The more mechanised methods of cultivation – such as tractors – did not find favour among our ancestors. In the mid 1950s, when such mechanised methods were introduced, only a few Iteso were prepared to pay economic rates for hire of such machinery as tractors. This attitude sustains to date among Iteso. There were and continue to be inherent practical difficulties that do not allow the popularisation of highly mechanised farming methods in Teso. Iteso land tenure, for example, presents one such difficulty. 

Iteso land tenure seemingly evolved from when our ancestors practised shifting cultivation. When etesot (singular male from Teso) moved on with his ekale (homestead) to new lands and opened them, he de facto became the in-charge of the land he and his ekale had opened. Yes, Iteso, like all first nations of Uganda, are patriarchal – the head of ekale is a male. Even when the head of ekale (usually the husband) dies, tradition dictates that a male relative – son, brother or uncle - is assigned the responsibility of ‘heading’ ekale of the deceased. 

When Iteso men went in search of ‘new’ lands, however, they usually moved in groups, each with his ekale. There was therefore need for an administrative unit that had authority above the unit of ekale to which an individual ekale head was answerable. The unit: ateker (clan) thus emerged, which brought together the individual ekale within a particular geography to identify with others in the same geography as members of the same ateker. For peaceful co-existence, it was important to choose from among ekale heads apolon na ateker (clan leader) - to be in charge of land tenure, among others. Historians (Fountain Publishers, 2011), indeed, have documented that among Iteso, ateker was the basic social and political unit. It was administrative and judicial in character. 

Ploygamy, which is legal in Uganda, is widely practiced in Teso. A typical ekale among Iteso, therefore, does not always conform with the one-man-one-woman-and-their-children character of the global-western household. Ekale in Teso will likely comprise of one man, multiple wives, and their children, living within a homestead. Each wife, however, typically has her own house(s)/room(s); and among the more wealthy, such as was my grandfather (RIP), within the homestead, the husband has his own house as well. Also within the homestead, teanage boys each usually have their own separate sleeping house.The expectation, generally, is that there should be separate sleeping houses for the children – boys sleeping separate from the girls.

Ekale, naturally, grows and when it does grown up males from an ekale each want to marry and to each form ekale of their own. It necessitates that the grown males are also given land ownership rights of clearly defined sections of land, on which to reside and from which to farm to feed members of their respective ekale. Apolon na ateker, in consultation with ekale heads, thus in the past played the significant role of determining land allocations to members of his respective ateker. Iteso land tenure, best described as: extended family tenure of agriculture land thus evolved.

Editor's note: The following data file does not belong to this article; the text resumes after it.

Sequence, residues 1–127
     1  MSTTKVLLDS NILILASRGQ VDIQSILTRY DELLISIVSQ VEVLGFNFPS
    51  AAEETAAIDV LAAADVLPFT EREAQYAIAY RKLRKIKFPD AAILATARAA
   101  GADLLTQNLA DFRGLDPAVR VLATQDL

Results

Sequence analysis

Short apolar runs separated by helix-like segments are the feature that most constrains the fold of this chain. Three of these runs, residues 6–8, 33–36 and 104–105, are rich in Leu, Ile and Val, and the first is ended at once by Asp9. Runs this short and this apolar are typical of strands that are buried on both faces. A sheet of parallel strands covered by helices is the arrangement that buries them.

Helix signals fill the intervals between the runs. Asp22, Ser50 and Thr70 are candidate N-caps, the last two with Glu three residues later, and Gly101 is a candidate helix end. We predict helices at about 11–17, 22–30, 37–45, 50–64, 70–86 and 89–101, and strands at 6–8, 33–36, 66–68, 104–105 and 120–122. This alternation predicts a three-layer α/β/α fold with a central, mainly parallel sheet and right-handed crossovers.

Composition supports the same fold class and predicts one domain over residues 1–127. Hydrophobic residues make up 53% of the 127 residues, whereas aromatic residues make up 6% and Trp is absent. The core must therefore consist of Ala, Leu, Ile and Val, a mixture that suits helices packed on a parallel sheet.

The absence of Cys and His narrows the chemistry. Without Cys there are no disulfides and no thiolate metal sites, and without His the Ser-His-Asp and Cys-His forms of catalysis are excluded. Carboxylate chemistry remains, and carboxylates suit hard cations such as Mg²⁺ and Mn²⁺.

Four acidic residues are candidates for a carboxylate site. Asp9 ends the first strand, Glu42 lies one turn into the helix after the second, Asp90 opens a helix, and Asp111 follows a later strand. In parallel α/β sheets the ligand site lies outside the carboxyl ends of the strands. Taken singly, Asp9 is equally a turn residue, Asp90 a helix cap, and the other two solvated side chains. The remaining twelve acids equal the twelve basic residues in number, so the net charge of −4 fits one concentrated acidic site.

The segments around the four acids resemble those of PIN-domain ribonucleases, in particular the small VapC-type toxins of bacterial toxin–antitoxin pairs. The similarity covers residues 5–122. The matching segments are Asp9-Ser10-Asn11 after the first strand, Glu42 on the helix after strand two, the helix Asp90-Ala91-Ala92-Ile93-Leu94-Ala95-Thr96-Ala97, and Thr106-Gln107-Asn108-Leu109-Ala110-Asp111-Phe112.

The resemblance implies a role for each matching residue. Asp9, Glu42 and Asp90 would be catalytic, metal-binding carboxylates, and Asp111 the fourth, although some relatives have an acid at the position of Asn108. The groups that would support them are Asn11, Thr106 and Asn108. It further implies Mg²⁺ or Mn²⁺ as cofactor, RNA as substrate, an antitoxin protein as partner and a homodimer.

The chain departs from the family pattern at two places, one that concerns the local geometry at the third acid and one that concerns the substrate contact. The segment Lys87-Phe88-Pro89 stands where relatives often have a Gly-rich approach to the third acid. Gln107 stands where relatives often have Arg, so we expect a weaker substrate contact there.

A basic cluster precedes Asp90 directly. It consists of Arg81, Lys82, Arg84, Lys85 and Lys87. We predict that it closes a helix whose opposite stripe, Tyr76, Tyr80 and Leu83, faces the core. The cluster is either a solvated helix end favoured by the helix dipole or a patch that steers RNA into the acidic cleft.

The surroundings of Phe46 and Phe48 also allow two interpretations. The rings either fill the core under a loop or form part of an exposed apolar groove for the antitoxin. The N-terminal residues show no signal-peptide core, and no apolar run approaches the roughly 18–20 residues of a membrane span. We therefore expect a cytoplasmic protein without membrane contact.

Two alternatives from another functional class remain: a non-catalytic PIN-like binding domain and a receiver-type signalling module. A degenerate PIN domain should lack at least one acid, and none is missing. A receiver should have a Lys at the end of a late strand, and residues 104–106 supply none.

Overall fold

An allocation of land to an ekale head, within Iteso land tenure, gave him and his ekale the following ownership rights over the allocated land: to cultivate it, to cut trees on it, to excavate in it, to build on it, to bury the deceased on it, to lend others access to it, to sub-divide it, and to bequeath it. An allocation of land within Iteso tenure de facto conferred use rights; it did not confer on one the right and authority to sell the land. 

Through the oral tradition of transmission of knowledge from one generation to the next, I have learned, especially from my partnal grandmothers (RIP), wives of my grandfather (RIP), seven were still alive when I was growing up - that Iteso gender-roles determined how land was allocated among ekale members and for what usage. This means that within ‘ekale land’ there was the provision for individual ekale members to be given land ownership rights over a portion of the ‘ekale land’. 

The role of food production among Iteso is primarily the role of women. Iteso women (ateso – plural and atesot - singular)  are further tasked with the responsibility of food preservation, in order to ensure that there is food in the home all year round – indeed in the past, a good wife was judged by the number and content of her granneries in the homestead. An ekale head is thus obligated by Iteso culture to ensure that the women folk in his ekale have an allocation of land on which to produce food for home consumption – ‘woman land’. 

As earlier, indicated, Iteso men are typically obliged to help women on the more ‘tougher’ farming tasks, such as opening virgin land and aswam imogin; this they are expected to do on ‘woman land’ as well. Once the men open the land and have aswam imogin, they let the other ‘simpler’ farming tasks – planting, weeding, harvesting and post harvest handling – to be done by women.